10 July 2017

The responsibilities and the work of a specialist at summer camp goes beyond the engagement and management of campers. Counselors at the camp, need a little guidance and excitement to help you facilitate your specialty area with efficiency and ease.

You are a professional in your field and come with a level of experience that will give counselors the impression that you have, ‘everything under control.’ You are able to focus and entertain a large group of campers, manage their behavior and transition them from one activity to another. This, understandably, can leave the counselors little to do. Not every counselor will step up and volunteer to participate or ask how they can help.

To set yourself up, and your camp’s counselors, for success during your activities, consider the following tips:

Set expectations

Campers aren’t the only ones that need to know the boundaries and expectations. Share with staff what will be happening in your sessions and that you expect they engage and participate. Let counselors know that they should model excitement and curiosity about the activities that are happening in your specialty area. Finally, ask them to disconnect (with their cell-phones). Most camps have a strict “no cell-phone” policy, but when you have ‘everything under control’, it is luring to counselor to want to check-in with friends back home.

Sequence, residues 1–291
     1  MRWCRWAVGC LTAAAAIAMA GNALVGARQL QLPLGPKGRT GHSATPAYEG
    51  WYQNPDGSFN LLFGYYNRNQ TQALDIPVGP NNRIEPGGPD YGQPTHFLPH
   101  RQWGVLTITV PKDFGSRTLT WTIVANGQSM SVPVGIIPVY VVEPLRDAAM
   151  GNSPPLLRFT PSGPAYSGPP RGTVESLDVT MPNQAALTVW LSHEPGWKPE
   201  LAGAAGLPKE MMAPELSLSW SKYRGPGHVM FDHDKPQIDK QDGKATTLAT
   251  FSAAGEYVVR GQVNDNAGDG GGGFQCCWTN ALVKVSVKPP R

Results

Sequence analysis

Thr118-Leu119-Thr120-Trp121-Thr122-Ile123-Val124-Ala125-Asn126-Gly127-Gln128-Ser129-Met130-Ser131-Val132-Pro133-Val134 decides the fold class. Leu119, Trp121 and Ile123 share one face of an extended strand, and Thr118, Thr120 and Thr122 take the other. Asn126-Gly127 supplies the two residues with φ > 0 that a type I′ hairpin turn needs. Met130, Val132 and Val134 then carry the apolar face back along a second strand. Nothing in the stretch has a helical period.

Assign roles

Everyone wants to be included. When counselors don’t offer to help, assign recurring responsibilities they are expected to take on when coming to your sessions. These tasks or roles can be handing out material at the beginning of your session or taking charge of behavioral management when a camper or campers become disruptive. Remember not to leave them out of the fun. Make them team captains when work requires groups and mix counselor/camper volunteers when playing activities or working on projects.

Engage them

Learning about people’s interest can create a sense of community and mutual understanding for meeting goals. Find out what interests and excites the counselors that you work with. Integrate some of those things into your lessons and activities just as you would for campers. Teach them some of the activities or projects you will be working on. Their familiarity will stimulate them in your sessions, as well as offer opportunities for them to play the activities on their own time, or even be able to lead them during your sessions.

Be assured that it is not your responsibility to manage the counselors when they are resistant or non-cooperative. Be direct and speak to the staff about the challenges that you are experiencing, but do not call out counselors in front of the campers. When all else fails, bring issues to a Supervisor like a Group leader or Division Head. Ask a Supervisor to attend a session to see the challenges you might be facing. However, if you facilitate these tips successfully you will get more done, enjoy a smoother process overall and have more fun at camp. After all, FUN is what camp is all about!